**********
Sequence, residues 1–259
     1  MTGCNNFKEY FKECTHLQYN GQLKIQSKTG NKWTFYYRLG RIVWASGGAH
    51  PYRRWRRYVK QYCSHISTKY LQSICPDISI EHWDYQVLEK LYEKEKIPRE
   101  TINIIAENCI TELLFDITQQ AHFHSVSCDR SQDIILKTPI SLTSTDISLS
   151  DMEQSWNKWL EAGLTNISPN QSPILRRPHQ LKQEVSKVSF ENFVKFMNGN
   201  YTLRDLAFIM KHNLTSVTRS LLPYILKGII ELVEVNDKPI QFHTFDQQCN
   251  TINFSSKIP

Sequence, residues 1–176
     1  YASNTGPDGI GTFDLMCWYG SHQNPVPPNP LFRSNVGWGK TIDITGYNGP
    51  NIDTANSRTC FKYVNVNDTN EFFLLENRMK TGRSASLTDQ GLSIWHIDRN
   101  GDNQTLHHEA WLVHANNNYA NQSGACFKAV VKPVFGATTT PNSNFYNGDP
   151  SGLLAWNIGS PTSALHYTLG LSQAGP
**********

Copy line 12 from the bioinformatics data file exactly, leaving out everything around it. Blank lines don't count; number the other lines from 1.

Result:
   151  SGLLAWNIGS PTSALHYTLG LSQAGP